Nouveau Riche: A Review of Indigo Duck
On the other end of the phone line, the server stammered and asked if I could hold for a moment. And then, speaking loudly over the din of background noise … “We might be able to get you a table at 7:15, but it will probably be closer to 7:30 or 7:45.” Or, she said, I could eat at the bar—if I could find a place to sit.
Really? Could a Saturday-night reservation at downtown Franklin’s 60-seat gourmet bistro, Indigo Duck, be this difficult to get? Were hordes of diners really this smitten with a tiny college-town restaurant eight highway exits south of Indy’s closest culinary flashpoints? Apparently so. We took the 7:15 and hoped for the best.
Two years after Joseph Hewett—a South Carolina transplant who honed his skills in Indianapolis at Oakleys Bistro—opened this shotgun-style restaurant just off the courthouse square, people are still discovering its creamy, buttery, emulsion-dribbled charms. Here, menu items sound temptingly dreamed-up: pork-and-pistachio terrine on truffle-grilled toasts, brick-grilled Simpson’s Farm chicken on chive-and-hominy waffles with peach butter, and (of course) a decadent shrimp and grits with white wine and cream (as well as its equally sinful cousin, duck confit and grits). Comfort food shows its wild side in dishes like cracker-fried Indiana pork loin, which sits in pink slices on a layer of thick greens sauteed just past their wilting point. Beneath that, three sweet-corn Johnnycakes come crispy-edged and dense enough to hold up to the heavy layering of flavors, even with a salad tumbling off the top, bursting with a briny Amish cherry-tomato vinaigrette. Did you get all that?
Hewett’s dishes have a lot going on. Maybe, in some cases, a bit too much going on. But he’s a big man who makes big food—the kind of plates that leave an impression. “For $20-plus an entree, the food has to be serious enough to deliver,” the 35-year-old chef explains. “But when you go out to eat, you should enjoy yourself. So I like to keep my customers happy on a whimsical level, too.” Hence, a monstrous grilled-scallop Monte Cristo sandwiched inside sourdough French toast with warm maple syrup for dipping, and the return of the amuse bouche—playful little courtesies from the kitchen, like a dollop of pulled pork on crostini, that demonstrate the chef’s prowess in two bites or less.
Whimsy or not, I was dubious about an appetizer described as avocado pancakes topped with jumbo lump crab salad and microgreens. It sounded like one of those overwrought dishes better in concept than reality. But the avocado gave the pancakes an earthy richness cut by the crab’s sweetness, with citrus butter sauce melding the components and a swoosh of mango puree adding a final layer of flavor. Somehow, the combination—sweet and savory, warm and cool—worked.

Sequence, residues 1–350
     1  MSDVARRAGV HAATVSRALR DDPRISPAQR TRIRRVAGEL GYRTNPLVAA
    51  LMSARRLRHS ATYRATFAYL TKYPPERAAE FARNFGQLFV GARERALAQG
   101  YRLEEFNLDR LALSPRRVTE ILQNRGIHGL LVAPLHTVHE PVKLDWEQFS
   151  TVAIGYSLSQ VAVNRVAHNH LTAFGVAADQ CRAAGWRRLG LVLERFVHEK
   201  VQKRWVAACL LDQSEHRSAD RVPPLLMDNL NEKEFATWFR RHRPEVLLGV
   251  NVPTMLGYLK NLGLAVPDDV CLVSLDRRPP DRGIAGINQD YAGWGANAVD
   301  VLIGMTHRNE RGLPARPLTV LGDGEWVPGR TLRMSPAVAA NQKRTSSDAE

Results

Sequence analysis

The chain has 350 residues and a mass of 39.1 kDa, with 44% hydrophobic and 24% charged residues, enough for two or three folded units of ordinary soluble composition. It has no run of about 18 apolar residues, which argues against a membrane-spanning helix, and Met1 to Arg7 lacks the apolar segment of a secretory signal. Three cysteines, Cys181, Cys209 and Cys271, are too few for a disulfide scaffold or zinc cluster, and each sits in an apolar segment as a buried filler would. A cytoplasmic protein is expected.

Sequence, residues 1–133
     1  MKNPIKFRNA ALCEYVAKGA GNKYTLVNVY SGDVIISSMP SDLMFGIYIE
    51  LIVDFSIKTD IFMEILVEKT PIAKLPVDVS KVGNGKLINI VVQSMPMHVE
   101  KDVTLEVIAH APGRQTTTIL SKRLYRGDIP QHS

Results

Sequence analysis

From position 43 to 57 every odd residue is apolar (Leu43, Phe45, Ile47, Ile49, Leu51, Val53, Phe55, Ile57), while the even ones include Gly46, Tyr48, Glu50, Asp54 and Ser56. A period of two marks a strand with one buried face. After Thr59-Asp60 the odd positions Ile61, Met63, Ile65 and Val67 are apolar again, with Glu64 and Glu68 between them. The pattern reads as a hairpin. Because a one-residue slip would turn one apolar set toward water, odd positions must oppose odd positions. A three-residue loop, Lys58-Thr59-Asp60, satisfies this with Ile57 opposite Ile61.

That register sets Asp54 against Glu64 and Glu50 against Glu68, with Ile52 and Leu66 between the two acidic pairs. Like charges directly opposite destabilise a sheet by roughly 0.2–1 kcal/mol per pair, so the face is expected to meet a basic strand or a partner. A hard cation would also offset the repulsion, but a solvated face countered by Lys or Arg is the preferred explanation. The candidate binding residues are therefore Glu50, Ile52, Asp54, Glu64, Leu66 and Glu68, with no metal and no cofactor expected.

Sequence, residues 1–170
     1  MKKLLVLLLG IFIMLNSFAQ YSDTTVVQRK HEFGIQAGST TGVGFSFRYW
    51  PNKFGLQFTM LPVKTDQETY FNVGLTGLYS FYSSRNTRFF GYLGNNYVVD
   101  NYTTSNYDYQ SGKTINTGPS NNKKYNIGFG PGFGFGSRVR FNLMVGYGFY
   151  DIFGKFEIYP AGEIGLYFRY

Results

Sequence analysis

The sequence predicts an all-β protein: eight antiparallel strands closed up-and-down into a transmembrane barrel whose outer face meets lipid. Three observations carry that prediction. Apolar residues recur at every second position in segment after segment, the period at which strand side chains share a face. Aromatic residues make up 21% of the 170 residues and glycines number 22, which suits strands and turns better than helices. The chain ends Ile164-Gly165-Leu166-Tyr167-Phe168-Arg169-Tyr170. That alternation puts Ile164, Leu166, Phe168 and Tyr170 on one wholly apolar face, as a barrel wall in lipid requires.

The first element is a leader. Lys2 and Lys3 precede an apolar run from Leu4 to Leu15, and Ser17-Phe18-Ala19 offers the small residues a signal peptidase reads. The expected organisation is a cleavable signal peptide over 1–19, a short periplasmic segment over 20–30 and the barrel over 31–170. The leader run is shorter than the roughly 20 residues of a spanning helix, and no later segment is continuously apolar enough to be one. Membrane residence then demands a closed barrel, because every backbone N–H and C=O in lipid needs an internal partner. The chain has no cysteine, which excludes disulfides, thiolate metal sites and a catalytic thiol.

Building out your dinner like this can get exhausting, though, parceling bites so that each ingredient gets onto the fork. Take the $31 grilled ribeye. This hulking cut with a subtle crust and a velvety rare texture could only tease, wedged as it was beneath tiers of cheesy hash-brown casserole, slow-cooked green beans, and beer-battered onion rings—all drizzled with a creamy Tabasco hollandaise that made the entire plate taste like a very elaborate hot wing. Down-home cooking meets fine dining … at a sports bar.
Hewett’s background contributes to this bouillabaisse of concepts. The Southern chef, who claims to offer “the best fried chicken you have ever tasted,” has a classical French training that shows up in a rainbow of cream-based sauces and wine-braised meats. Hewett also has a sense of humor. His menu refers to something called Pate of the South, also known as pimiento cheese. “There’s a little bit of sour cream, some cumin, and a little bit of cayenne,” the chef explains. “It gets whipped in a mixer, and the end product is a nice spreadable cheese.”
Juxtaposition makes Hewett’s ambitious plates all the more surprising. This might be just Franklin, Indiana: population 24,040. But seeing servers in their Gap casual blacks carrying plates of big-boned Viking Farm lamb shanks across a dining room no bigger than a two-car garage gives hope that good food knows no boundaries.
39 E. Court St., Franklin, 560-5805, theindigoduck.com
Hours Tues.–Fri. 11 a.m.–2 p.m., 5–10 p.m.; Sat. 5–10 p.m.; Sun. 10 a.m.–2 p.m.
Photos by Tony Valainis
This article appeared in the December 2012 issue.